Monday, October 18, 2010

Red vs Blue

A couple of days ago, I had the privilege to listen to a webcast by Hasan Rizvi, Senior Vice President for Oracle Fusion Middleware and Java Product.
Hasan spoke about the new Oracle Exalogic product, and about how this new product is going to revolutionize the datacenter and provide cloud computing capabilities.

Unfortunately Mr. Rizvi's talk was not about cloud computing, public or private. Neither it was about datacenters. All I could see was a sniper rifle targeting IBM's mainframe business.

Oracle and IBM have a long lasting relationship, framed by both intense rivalry and business cooperation. Although they competed in the database market, an Oracle database running on AIX was a favorite enterprise configuration. This stable state of affairs was not heavily disturbed when Oracle started foraging into the enterprise integration business. It's SOA family of products, running off the Oracle Application Server, were mostly used by heavily committed Oracle shops, and were no match for the stability, configurability and performance offered by IBM's WebSphere brand and the other leaders of the pack.

All of this changed since 2007, with the acquisitions of BEA and Sun.
BEA's dowry included the WebLogic server, vastly superior to Oracle's OAS, and the AquaLogic suite, which was a better line than Oracle's own. Both lines offer real competition to the WebSphere brand. BEA's legacy also included Jrockit and Tuxedo.

Tuxedo deserves a special consideration: It is used to offload applications from IBM's mainframe into distributed systems, and combined with Oracle's aggressive marketing organization it may now pose a real threat to IBM mainframe business.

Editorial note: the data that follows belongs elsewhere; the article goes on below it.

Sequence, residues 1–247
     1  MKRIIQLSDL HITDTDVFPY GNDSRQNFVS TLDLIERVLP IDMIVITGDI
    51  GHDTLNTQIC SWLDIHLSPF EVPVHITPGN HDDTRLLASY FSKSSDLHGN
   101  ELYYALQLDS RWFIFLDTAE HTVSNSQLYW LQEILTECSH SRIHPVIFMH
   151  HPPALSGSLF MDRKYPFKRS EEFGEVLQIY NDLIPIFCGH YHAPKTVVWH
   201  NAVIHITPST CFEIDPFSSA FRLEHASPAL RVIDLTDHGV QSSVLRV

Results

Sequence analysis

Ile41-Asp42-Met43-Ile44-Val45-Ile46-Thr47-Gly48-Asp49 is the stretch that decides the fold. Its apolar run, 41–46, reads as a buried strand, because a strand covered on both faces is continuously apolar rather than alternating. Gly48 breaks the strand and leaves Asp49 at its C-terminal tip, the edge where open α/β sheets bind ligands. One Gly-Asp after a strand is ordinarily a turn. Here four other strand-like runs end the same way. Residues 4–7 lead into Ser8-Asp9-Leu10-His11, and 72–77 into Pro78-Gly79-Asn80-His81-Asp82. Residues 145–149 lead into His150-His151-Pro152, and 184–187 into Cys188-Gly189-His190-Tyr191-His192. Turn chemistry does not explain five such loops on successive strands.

However, not all mainframe shops run CICS. Many modern mainframe workloads are today based on Java, specifically on the WebSphere Application Server for the z/os. Until now, there was no real substitute for the benefits of MIPS, integration and security of WebSphere based Java on z/os.

And then came Sun... With the merging of Sun, Oracle now has full control over Java, and a private line of servers and storage. This doesn't spell like good news for IBM, that is heavily invested in Java based technologies, and is a major storage vendor.
It all culminated in the aforementioned Exalogic webcast. All of the comparisons, benchmarks and jargon used, were aimed at either current IBM mainframe users or mainframe wannabes who want to have the power of a mainframe on distributed systems. Even the price/performance table on slide 21 compares Exalogic with IBM's Power 795 server. Who else is likely to dole out $1,075,000 for a piece of hardware?

And what did IBM do? It ditched its support of the unassociated Java development in the Apache Harmony project, and went into the Java bed with Oracle.

See the recorded webcast and the slides here:

To download only the slides use this link

IBM gives up on Apache backed Java and joins Oracle

Oracle sues Google over Java standards

No comments:

Post a Comment